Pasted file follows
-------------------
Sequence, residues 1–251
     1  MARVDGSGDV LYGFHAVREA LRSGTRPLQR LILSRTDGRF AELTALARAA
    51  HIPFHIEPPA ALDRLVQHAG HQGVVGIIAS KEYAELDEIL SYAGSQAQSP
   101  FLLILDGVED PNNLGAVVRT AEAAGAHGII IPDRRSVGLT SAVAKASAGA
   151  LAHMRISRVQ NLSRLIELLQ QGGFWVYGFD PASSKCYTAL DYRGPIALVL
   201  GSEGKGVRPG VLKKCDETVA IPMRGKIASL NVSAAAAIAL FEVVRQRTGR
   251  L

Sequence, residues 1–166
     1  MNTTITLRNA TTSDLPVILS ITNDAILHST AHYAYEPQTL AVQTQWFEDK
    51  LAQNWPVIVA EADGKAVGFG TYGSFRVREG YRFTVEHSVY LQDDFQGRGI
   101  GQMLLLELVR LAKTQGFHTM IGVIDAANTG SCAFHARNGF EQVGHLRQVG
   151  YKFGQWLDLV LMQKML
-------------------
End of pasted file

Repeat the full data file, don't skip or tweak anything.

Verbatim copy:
Sequence, residues 1–251
     1  MARVDGSGDV LYGFHAVREA LRSGTRPLQR LILSRTDGRF AELTALARAA
    51  HIPFHIEPPA ALDRLVQHAG HQGVVGIIAS KEYAELDEIL SYAGSQAQSP
   101  FLLILDGVED PNNLGAVVRT AEAAGAHGII IPDRRSVGLT SAVAKASAGA
   151  LAHMRISRVQ NLSRLIELLQ QGGFWVYGFD PASSKCYTAL DYRGPIALVL
   201  GSEGKGVRPG VLKKCDETVA IPMRGKIASL NVSAAAAIAL FEVVRQRTGR
   251  L

Sequence, residues 1–166
     1  MNTTITLRNA TTSDLPVILS ITNDAILHST AHYAYEPQTL AVQTQWFEDK
    51  LAQNWPVIVA EADGKAVGFG TYGSFRVREG YRFTVEHSVY LQDDFQGRGI
   101  GQMLLLELVR LAKTQGFHTM IGVIDAANTG SCAFHARNGF EQVGHLRQVG
   151  YKFGQWLDLV LMQKML